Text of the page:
Publications by Garret Cotter


Deep spectroscopy of 9C J1503+4528: a very young compact steep spectrum radio source at z = 0.521

MONTHLY NOTICES OF THE ROYAL ASTRONOMICAL SOCIETY 370 (2006) 1585-1598

KJ Inskip, D Lee, G Cotter, TJ Pearson, ACS Readhead, RC Bolton, C Chandler, G Pooley, JM Riley, EM Waldram


5-GHz MERLIN and VLBA observations of compact 9C sources

Monthly Notices of the Royal Astronomical Society 367 (2006) 323-330

RC Bolton, CJ Chandler, G Cotter, TJ Pearson, GG Pooley, ACS Readhead, JM Riley, EM Waldram

ABSTRACT In this paper, we present subarcsecond resolution observations of 36 compact sources from the 15 h region of the 15-GHz 9th Cambridge survey. These sources all have previously measured simultaneous continuum radio spectra spanning 1.4-43 GHz and we classify each source by fitting a quadratic function to its spectrum. Using the Multi-Element Radio-Linked Interferometer Network and the Very Long Baseline Array, both at 5 GHz, we resolve all six steep-spectrum objects and four of the 13 flat-spectrum objects. However, none of the 16 objects with convex spectra peaking above 2.5 GHz is resolved even at <3-mas resolution. These results, in combination with the findings of a 15-GHz variability study, suggest that emission from the high-frequency peaking objects is affected by relativistic beaming, and that these objects are not necessarily as young as the synchrotron self-absorption interpretation of their peak frequencies would imply. © 2006 RAS.


MRC B1221-423: A compact steep-spectrum radio source in a merging galaxy

Monthly Notices of the Royal Astronomical Society 356 (2005) 515-523

HM Johnston, RW Hunstead, G Cotter, EM Sadler

We present BVRIK images and spectroscopic observations of the z = 0.17 host galaxy of the compact steep-spectrum (CSS) radio source MRC B1221 -423. This is a young (∼10 5 yr) radio source with double lobes lying well within the visible galaxy. The host galaxy is undergoing tidal interaction with a nearby companion, with shells, tidal tails and knotty star-forming regions all visible. We analyse the images of the galaxy and its companion pixel-by-pixel, first using colour-magnitude diagrams and then fitting stellar population models to the spectral energy distributions (SEDs) of each pixel. We also present medium-resolution spectroscopy of the system. The pixels separate cleanly in colour-magnitude diagrams, with pixels of different colours occupying distinct regions of the host galaxy and its companion. Fitting stellar population models to these colours, we have estimated the age of each population. We find three distinct groups of ages: an old population (τ ∼ 15 Gyr) in the outskirts of the host galaxy; an intermediate-age population (τ ∼ 300 Myr) around the nucleus and tidal tail, and a young population (τ 10 Myr) in the nucleus and blue knots. The spectrum of the nucleus shows numerous strong emission lines, including [O I] λ6300, [O II] λ3727, [S II] λλ6716, 6731, Hα and [N II] λλ6548, 6583, characteristic of a low-ionization nuclear emission-line region (LINER) spectrum. The companion galaxy shows much narrower emission lines with very different line ratios, characteristic of a starburst galaxy. We have evidence for three distinct episodes of star formation in B1221-423. The correlation of age with position suggests the two most recent episodes were triggered by tidal interactions with the companion galaxy. The evidence points to the active galactic nucleus (AGN) in the centre of B1221-423 having been caught in the act of ignition. However, none of the components we have identified is as young as the radio source, implying that the delay between the interaction and the triggering of the AGN is at least 3 × 10 8 yr.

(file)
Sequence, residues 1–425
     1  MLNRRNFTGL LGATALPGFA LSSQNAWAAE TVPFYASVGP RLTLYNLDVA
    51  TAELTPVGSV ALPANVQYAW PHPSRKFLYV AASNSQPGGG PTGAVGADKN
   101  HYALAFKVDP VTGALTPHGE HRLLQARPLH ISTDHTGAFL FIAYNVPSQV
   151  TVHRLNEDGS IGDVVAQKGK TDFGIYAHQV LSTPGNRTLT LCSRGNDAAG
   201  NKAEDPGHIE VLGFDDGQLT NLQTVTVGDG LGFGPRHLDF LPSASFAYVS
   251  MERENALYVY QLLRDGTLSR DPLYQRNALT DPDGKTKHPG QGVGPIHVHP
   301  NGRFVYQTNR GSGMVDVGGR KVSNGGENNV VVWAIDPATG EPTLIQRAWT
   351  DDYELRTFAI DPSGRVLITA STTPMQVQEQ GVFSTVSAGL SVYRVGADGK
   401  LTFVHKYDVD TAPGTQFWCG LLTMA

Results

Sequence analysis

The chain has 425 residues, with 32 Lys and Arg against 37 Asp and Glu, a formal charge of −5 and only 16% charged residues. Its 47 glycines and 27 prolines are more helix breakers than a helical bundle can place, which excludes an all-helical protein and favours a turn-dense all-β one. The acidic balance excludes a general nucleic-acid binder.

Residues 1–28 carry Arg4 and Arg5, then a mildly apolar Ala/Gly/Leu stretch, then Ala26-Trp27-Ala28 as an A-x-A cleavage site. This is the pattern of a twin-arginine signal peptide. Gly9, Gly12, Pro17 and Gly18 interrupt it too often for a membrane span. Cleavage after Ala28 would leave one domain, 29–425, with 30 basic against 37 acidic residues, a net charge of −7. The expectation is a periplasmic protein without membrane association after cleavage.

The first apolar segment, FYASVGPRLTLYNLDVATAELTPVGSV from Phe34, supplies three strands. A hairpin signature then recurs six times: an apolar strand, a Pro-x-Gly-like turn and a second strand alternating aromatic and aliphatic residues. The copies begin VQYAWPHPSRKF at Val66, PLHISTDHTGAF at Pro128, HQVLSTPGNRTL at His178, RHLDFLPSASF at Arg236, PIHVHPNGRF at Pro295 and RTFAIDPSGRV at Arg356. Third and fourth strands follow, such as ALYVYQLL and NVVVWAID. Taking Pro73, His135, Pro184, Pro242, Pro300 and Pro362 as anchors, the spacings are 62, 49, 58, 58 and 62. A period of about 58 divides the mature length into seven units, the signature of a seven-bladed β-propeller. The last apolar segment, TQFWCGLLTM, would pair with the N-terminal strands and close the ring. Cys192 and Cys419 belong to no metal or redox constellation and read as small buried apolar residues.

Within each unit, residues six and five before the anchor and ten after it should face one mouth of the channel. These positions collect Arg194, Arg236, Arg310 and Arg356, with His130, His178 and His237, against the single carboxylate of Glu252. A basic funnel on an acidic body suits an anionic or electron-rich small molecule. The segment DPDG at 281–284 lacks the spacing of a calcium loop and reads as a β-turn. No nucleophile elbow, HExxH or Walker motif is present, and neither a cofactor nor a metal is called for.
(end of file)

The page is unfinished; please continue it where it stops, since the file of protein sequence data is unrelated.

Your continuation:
Vigorous star formation in a bulge-dominated extremely red object at z = 1.34

Monthly Notices of the Royal Astronomical Society 360 (2005) 685-692

G Cotter, C Simpson, RC Bolton